Combine pumpkin seeds and oil in a pan. On medium high heat, bring everything up. Watch carefully to make sure it doesn’t burn. When the seeds start to turn slightly brown, turn off heat. Strain off oil (you can save the oil for garnishing the plates or making a vinaigrette). In a bowl, toss together seeds, cumin and salt, then sprinkle over salad.
Kale with Roasted Garlic Caesar
1 bunch Lacinato Kale
Hard Goat Cheese or Parmesan to grate over the top
4 Slices of Rustic Bread
2 tablespoons Extra Virgin Olive Oil
1 1/2 tablespoons Roasted Garlic
6 Anchovy Fillets (optional)
1 tablespoon Lemon Zest
1 Egg Yolk
1 teaspoon Dijon Mustard
1 cup Olive Oil
2 tablespoons Lemon Juice
2 teaspoons Water
To clean kale, remove the leaves from the stem and tear into smaller pieces.
To make croutons, set oven at 400°. Tear bread into 1 inch pieces. Toss with olive oil and a little salt. Lay out on baking sheet and bake until golden brown, turning half way through baking.
Place roasted garlic, anchovy (again, optional), lemon zest, egg yolks, 1 tablespoon lemon juice and Dijon into food processor. Blend until all is incorporated. SLOWLY add in oil. Half way through, add water and the rest of the lemon juice. When the oil has all been incorporated, season to taste with salt/pepper and add more lemon juice if needed. And, if the dressing gets too thick, add in water.
To serve: toss kale and croutons with about a tablespoon of the dressing. Grate cheese of choice on top.
Vince Notes: The idea for the mocktails was for them to be refreshing, and for the lack of spirit to be unnoticeable. They’re best described as coolers (from Dalton of Roadhouse—if you haven’t seen it, watch it now) or non-alcoholic Collins.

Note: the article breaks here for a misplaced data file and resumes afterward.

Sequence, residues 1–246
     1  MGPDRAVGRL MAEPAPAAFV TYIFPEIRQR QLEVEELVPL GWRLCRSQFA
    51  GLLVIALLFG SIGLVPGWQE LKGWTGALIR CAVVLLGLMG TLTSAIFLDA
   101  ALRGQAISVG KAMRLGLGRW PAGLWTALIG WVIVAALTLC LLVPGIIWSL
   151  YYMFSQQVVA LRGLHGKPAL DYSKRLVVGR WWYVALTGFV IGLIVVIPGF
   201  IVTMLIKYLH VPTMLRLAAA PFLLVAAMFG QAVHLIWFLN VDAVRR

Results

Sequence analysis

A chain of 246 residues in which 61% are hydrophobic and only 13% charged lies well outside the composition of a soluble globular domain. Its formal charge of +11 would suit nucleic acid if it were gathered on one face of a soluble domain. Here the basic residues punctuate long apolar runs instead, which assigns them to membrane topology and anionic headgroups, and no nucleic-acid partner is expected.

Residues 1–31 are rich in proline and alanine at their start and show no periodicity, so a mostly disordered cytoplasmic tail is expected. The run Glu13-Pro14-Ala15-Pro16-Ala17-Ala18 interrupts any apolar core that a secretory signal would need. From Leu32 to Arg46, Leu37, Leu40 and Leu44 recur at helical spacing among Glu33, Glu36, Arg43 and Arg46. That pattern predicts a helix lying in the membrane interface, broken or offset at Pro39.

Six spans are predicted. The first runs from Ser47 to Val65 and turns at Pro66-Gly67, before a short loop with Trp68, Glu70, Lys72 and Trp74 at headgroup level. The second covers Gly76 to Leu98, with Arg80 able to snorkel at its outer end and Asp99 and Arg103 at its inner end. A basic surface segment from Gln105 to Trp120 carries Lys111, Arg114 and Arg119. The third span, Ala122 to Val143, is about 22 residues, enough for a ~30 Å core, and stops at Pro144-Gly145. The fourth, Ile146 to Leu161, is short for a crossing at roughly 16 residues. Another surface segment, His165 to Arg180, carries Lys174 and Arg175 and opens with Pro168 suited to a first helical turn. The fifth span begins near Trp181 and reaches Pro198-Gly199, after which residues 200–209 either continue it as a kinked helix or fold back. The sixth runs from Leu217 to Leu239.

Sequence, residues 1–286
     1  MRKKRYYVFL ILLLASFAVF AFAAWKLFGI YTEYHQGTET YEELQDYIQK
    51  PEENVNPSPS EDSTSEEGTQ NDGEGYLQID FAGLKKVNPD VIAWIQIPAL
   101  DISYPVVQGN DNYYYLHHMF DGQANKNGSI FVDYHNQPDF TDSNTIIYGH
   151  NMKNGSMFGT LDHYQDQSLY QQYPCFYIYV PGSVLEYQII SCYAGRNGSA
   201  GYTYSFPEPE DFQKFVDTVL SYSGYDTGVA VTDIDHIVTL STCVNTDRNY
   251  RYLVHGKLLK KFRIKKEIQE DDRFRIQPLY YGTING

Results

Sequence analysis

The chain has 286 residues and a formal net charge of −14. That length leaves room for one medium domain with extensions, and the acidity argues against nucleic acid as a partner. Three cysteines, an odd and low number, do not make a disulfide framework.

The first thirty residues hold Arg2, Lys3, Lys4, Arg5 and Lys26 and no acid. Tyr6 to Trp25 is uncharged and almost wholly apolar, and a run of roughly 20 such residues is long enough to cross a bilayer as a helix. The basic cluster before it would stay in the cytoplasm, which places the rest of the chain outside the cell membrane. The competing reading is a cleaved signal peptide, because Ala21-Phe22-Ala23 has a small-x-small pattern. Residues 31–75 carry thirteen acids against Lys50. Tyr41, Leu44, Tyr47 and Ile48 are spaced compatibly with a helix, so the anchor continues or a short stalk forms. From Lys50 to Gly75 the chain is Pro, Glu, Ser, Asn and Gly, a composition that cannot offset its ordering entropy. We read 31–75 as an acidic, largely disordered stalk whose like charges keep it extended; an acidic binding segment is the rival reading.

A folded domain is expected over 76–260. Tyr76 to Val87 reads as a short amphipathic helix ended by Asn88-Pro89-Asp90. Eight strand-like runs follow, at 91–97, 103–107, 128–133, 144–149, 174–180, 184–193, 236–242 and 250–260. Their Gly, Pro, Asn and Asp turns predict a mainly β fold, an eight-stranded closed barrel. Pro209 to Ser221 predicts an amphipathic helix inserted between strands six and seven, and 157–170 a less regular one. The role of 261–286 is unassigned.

Both drinks are easy to make and won't send you wandering through farmer's markets to find rare and obscure items. Just as in cocktails, mocktails should have ingredients that you can recognize and have an idea of what you are getting in the drink. And, when the time comes, just add booze.
The Simple Nectar
1 ounces Pineapple Gum Syrup*
2 ounces Lemon juice
Top with New Orlean's Bitters and soda
Note: Pineapple Gum Syrup can be usually found at specialty liquor stores (if you’re in SF, Cask carries it). But call ahead just to make sure it's in stock.
Directions: Muddle a basil leaf in the bottom of a shaker. Add in Pineapple Gum Syrup and Lemon Juice. Strain over crushed ice. Top with soda and New Orleans Bitters and garnish with basil.
Vince Tip: Don’t make any resolution more hard on yourself. If you’re not drinking already, making a mocktail should be easy, not complicated. Mix it up, and then you’re good to go with NA deliciousness.
Not Your Grandpa's Tea
1 ounces Black Tea Syrup* (sub: whatever tea you like [green tea, lavender tea, etc]).
2 ounce Lime juice
Topped with soda
Note: To make tea syrup, make the tea and then add a 1:1 amount of sugar to tea, then mix.
Directions: Muddle two leaves of mint in the bottom of a shaker. Add in Black Tea Syrup and Lime, then shake and strain into a Collins glass with ice. Top with soda, then add mint for garnish.
Tasting Notes: You’ll get the basil flavor as well as the pineapple syrup. It’s a touch sour, and a touch sweet (but not overly so), as you’d expect from a lime and pineapple combo.
Images by Jeff Masamori. ©Huckberry.